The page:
Washington hospitals seeing more pregnant COVID patients

The latest and most troubling numbers of the COVID-19 surge across Washington have health officials pleading for people to get vaccinated

Washington State Hospital Association hosted a virtual briefing on Monday where health officials said 1,570 people statewide were hospitalized with COVID-19.

"This is an enormous stress in the healthcare system to have this many patients with a single diagnosis. This doesn’t happen," said Cassie Sauer, CEO of Washington State Hospital Association.

Dr. Chris Dale is the chief medical officer for acute care at Swedish Medical Center in Seattle. He said the Seattle metro area is experiencing an uptick in COVID cases. 

RELATED: Hospitals overwhelmed, health care workers burned out as COVID rages on

"We got down to single-digit COVID patients, believe it or not, about four to six weeks ago. Now we’re flirting with about 100 COVID patients in-house and other systems, like to the south, have even more. And it’s back almost as bad as it’s ever been," said Dale. 

With hospitals filling up with COVID patients, it leaves less room available for others and increases the risk of coronavirus exposure. MultiCare in Pierce County is setting up tents outside of Tacoma General and Good Samaritan Hospital in Puyallup for extra space.

"That is largely because we need to keep people out of our emergency room waiting rooms because we’re starting to have people that are kind of in a window of treatment that are having to be in those rooms and we need to keep them safe," said Dr. David Carlson, chief physician officer for MultiCare.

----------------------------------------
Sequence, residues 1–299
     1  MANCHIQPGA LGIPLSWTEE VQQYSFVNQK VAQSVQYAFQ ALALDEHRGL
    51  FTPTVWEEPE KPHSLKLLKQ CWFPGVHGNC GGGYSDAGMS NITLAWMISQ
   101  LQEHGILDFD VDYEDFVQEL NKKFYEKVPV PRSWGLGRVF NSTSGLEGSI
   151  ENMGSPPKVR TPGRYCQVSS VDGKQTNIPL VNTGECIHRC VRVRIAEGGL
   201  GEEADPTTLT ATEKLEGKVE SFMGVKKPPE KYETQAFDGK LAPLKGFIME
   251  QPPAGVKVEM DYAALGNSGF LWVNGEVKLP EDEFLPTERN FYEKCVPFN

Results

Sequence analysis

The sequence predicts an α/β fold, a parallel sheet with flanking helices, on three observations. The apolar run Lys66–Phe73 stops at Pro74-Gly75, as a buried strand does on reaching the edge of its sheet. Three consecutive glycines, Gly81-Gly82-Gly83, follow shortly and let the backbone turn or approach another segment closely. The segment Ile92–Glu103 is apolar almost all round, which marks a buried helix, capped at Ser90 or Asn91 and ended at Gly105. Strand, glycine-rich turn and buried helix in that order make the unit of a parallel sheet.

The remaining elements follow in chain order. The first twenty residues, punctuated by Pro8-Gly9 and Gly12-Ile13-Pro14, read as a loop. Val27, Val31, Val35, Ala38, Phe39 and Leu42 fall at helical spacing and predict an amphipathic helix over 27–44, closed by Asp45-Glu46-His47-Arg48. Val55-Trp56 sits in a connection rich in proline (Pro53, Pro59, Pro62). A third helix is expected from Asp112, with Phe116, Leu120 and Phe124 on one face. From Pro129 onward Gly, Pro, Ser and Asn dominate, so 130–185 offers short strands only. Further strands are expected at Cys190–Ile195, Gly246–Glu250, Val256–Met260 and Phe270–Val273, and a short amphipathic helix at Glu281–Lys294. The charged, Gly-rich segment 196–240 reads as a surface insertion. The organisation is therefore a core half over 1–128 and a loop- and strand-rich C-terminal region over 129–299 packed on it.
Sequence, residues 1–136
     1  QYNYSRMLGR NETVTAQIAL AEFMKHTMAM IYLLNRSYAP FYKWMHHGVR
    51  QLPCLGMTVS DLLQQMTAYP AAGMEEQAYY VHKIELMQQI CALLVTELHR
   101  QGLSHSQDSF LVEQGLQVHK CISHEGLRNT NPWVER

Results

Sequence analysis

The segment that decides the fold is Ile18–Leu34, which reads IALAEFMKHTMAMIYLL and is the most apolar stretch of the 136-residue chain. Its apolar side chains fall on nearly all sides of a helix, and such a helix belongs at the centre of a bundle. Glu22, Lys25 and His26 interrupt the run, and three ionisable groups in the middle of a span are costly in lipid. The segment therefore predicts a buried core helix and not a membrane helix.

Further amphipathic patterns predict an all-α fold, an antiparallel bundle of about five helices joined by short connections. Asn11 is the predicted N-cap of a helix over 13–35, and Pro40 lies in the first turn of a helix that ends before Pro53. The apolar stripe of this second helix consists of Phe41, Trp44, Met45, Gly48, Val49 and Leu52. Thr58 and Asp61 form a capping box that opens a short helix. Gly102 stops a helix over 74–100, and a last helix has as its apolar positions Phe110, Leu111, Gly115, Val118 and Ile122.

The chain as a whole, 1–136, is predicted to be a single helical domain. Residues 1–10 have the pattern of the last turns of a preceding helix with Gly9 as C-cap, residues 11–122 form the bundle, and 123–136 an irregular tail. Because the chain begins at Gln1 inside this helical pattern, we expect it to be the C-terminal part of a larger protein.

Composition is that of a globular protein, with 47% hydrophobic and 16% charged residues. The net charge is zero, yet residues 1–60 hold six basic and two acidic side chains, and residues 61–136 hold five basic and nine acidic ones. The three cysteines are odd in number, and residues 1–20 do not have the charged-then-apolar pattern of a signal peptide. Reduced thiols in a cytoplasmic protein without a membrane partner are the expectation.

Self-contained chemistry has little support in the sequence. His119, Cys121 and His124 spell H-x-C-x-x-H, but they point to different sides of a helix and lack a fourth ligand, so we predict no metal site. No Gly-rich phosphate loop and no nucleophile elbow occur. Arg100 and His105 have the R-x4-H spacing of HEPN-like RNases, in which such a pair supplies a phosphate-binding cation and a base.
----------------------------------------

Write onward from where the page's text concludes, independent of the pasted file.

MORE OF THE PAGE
Dr. Tanya Sorenson, the executive medical director for women’s health at Swedish Health Services, said the surge in COVID-19 Delta variant cases is causing pregnant women to get sick. She said they are seeing more ICU admissions, premature births, and maternal deaths.

RELATED: Health experts urge pregnant women to get vaccinated for COVID-19 right away

"It’s heartbreaking to spend my day in the ICU taking care of women who are pregnant and may not make it and maybe leave their babies motherless," said Sorenson.

Dale confirmed four pregnant women were in the ICU at Swedish Medical Center in Seattle. 

Sorenson said only 40% of pregnant women are vaccinated. She explained this is the first time in the pandemic where they’re seeing pregnant women get really sick, mostly among those who are unvaccinated. 

"When our patients get really sick, it’s pretty common to need to deliver them and it’s usually by an emergency C-section, and sometimes even in the intensive care unit. And the reason for that is either the babies are getting distressed as their mothers are so ill, or that we need to deliver the baby to help improve the mother’s breathing," said Sorenson.

Another reason health leaders are sounding the alarm for people to get vaccinated is because of a staffing shortage.

"This is the same crew of people who have been caring for people for a year and a half now with COVID. With the staffing shortages nationwide, Swedish is suffering just as everyone else is," said Dale. "We’re kind of burning them out by asking them to work more shifts, longer hours, care for more patients in ways that sometimes are a bit frustrating to caregivers because they see this as a preventable sort of pandemic."

One encouraging note from Monday’s virtual discussion: health leaders said during this latest surge in COVID case numbers, they are also seeing vaccine numbers increase threefold. 

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